BACKGROUND. Sphingolipids (SPs) are ubiquitous, structurally diverse molecules that include ceramides, sphingomyelins, and sphingosines. They are involved in various pathologies including obesity and type 2 diabetes mellitus (T2DM). Therefore, it is likely that perturbations in plasma concentrations of SPs are associated with disease. Identifying these associations may reveal useful biomarkers or provide insight into disease processes. METHODS. We performed a lipidomics evaluation of molecularly-distinct SPs in the plasma of 2,302 ethnically-Chinese Singaporeans using electrospray ionization mass spectrometry coupled with liquid chromatography. SP profiles were compared to clinical and biochemical characteristics, and subjects were evaluated by follow-up visits for 11 years. RESULTS. We found that ceramides correlate positively but hexosylceramides correlate negatively with body mass index (BMI) and homeostatic model assessment of insulin resistance (HOMA-IR). Furthermore, SPs with a d16:1 sphingoid backbone correlate more positively with BMI and HOMA-IR, while d18:2 SPs correlate less positively, relative to canonical d18:1 SPs. We also found that higher concentrations of two distinct sphingomyelins were associated with a higher risk of T2DM (HR 1.45, 95% CI 1.18–1.78 for SM d16:1/C18:0; and HR 1.40, 95% CI 1.17–1.68 for SM d18:1/C18:0). CONCLUSION. We identified significant associations between SPs and obesity/T2DM characteristics, specifically, that of hexosylceramides, d16:1 SPs, and d18:2 SPs. This suggests that the balance of SP metabolism, rather than ceramide accumulation, is associated with the pathology of obesity. We further identified two specific SPs that may represent prognostic biomarkers for T2DM. FUNDING. Funding sources are listed in the Acknowledgements section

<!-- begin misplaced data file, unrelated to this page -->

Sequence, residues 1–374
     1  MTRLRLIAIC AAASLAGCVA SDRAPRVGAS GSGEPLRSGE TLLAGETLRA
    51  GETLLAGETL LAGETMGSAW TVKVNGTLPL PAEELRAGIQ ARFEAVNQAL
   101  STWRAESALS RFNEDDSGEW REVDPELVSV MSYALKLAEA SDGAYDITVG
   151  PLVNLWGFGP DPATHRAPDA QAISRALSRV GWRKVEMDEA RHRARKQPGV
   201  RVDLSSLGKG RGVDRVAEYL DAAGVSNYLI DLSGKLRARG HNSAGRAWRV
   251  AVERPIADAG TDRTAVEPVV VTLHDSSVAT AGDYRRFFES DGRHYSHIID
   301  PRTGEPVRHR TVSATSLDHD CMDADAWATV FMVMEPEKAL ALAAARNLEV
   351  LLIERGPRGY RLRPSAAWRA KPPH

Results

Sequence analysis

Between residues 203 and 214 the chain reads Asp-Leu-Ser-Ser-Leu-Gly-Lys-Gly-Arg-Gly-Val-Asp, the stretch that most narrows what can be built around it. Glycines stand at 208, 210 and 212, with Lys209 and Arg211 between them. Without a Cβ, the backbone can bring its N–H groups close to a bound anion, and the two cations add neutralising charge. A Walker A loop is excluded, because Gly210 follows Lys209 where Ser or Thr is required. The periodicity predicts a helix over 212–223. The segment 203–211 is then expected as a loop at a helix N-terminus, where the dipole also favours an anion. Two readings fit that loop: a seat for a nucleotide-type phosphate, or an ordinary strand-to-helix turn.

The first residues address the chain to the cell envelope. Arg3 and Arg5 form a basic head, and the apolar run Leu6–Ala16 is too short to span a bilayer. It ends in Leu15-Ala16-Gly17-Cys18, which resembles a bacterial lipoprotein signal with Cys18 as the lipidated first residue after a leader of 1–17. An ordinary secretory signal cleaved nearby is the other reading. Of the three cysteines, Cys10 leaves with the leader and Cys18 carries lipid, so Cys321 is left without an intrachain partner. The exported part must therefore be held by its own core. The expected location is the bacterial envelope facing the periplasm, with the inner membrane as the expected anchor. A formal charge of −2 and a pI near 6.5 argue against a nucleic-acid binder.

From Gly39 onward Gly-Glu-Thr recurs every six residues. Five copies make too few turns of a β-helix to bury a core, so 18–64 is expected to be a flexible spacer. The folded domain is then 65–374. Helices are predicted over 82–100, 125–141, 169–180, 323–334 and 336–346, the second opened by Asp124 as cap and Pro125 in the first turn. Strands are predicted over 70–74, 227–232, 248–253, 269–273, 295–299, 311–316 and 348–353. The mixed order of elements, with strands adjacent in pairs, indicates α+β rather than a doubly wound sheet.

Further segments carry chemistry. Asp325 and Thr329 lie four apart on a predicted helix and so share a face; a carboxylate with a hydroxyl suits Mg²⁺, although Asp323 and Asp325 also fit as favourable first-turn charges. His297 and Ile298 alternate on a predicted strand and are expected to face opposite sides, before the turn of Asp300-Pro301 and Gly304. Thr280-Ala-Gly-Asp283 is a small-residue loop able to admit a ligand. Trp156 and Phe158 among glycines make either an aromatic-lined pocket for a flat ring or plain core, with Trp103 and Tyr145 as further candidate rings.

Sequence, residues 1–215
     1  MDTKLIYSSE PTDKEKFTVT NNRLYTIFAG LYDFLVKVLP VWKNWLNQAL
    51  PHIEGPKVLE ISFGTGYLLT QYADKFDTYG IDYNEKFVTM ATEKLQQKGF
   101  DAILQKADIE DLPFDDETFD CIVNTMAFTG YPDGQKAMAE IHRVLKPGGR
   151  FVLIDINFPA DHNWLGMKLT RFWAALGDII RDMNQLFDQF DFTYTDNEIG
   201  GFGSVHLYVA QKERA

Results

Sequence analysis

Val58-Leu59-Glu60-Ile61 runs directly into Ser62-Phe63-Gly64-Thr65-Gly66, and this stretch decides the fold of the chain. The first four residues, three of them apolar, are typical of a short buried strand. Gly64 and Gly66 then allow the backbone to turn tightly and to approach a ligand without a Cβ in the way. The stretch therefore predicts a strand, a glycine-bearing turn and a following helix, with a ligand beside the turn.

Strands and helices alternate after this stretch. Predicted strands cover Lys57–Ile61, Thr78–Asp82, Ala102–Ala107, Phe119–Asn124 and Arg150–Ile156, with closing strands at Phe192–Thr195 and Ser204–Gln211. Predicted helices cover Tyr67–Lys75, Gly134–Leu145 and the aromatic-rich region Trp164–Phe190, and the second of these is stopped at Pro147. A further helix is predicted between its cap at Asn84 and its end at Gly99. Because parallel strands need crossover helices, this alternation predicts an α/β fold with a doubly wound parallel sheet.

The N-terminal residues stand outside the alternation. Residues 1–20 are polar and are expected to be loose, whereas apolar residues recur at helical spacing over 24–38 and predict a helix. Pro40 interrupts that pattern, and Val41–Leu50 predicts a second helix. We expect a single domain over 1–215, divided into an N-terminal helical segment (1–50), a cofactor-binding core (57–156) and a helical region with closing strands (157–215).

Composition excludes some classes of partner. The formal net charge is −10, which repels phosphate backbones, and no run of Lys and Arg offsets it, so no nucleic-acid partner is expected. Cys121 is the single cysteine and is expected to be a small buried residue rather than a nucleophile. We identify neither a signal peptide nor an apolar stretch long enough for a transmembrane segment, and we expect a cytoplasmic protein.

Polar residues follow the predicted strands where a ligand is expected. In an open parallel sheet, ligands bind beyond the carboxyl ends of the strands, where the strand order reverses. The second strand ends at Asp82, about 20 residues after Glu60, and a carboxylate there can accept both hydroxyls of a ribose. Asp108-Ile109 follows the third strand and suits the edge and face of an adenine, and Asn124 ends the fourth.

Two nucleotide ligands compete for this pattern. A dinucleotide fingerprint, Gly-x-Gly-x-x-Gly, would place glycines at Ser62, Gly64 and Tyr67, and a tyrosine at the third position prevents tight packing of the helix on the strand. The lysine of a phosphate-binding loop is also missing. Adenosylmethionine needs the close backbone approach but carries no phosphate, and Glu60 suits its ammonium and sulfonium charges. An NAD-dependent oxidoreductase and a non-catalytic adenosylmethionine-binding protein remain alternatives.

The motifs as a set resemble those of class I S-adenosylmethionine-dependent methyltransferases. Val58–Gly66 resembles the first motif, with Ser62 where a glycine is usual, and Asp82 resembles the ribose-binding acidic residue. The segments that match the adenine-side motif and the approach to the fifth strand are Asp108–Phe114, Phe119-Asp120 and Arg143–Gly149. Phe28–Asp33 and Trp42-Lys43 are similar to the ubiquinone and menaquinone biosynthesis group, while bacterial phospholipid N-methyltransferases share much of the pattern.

Wee Siong Chew, Federico Torta, Shanshan Ji, Hyungwon Choi, Husna Begum, Xueling Sim, Chin Meng Khoo, Eric Yin Hao Khoo, Wei-Yi Ong, Rob M. Van Dam, Markus R. Wenk, E. Shyong Tai, Deron R. Herr
Diabetic β cell failure is associated with β cell dedifferentiation. To identify effector genes of dedifferentiation, we integrated analyses of histone methylation as a surrogate of gene activation status and RNA expression in β cells sorted from mice with multiparity-induced diabetes. Interestingly, only a narrow subset of genes demonstrated concordant changes to histone methylation and RNA levels in dedifferentiating β cells. Notable among them was the α cell signature gene Gc, encoding a vitamin D-binding protein. While diabetes was associated with Gc induction, Gc-deficient islets did not induce β cell dedifferentiation markers and maintained normal ex vivo insulin secretion in the face of metabolic challenge. Moreover, Gc-deficient mice exhibited a more robust insulin secretory response than normal controls during hyperglycemic clamps. The data are consistent with a functional role of Gc activation in β cell dysfunction, and indicate that multiparity-induced diabetes is associated with altered β cell fate.
Taiyi Kuo, Manashree Damle, Bryan J. González, Dietrich Egli, Mitchell A. Lazar, Domenico Accili
Impaired insulin secretion in type 2 diabetes (T2D) is linked to reduced insulin granule docking, disorganization of the exocytotic site, and an impaired glucose-dependent facilitation of insulin exocytosis. We show in β-cells from 80 human donors that the glucose-dependent amplification of exocytosis is disrupted in T2D. Spatial analyses of granule fusion, visualized by total internal reflection fluorescence (TIRF) microscopy in 24 of these donors, demonstrate that these are non-random across the surface of β-cells from donors with no diabetes (ND). The compartmentalization of events occurs within regions defined by concurrent or recent membrane-resident secretory granules. This organization, and the number of membrane-associated granules, is glucose-dependent and notably impaired in T2D β-cells. Mechanistically, multi-channel Kv2.1 clusters contribute to maintaining the density of membrane-resident granules and the number of fusion ‘hotspots’, while SUMOylation sites at the channel N- (K145) and C-terminus (K470) determine the relative proportion of fusion events occurring within these regions. Thus, a glucose-dependent compartmentalization of fusion, regulated in part by a structural role for Kv2.1, is disrupted in β-cells from donors with type 2 diabetes.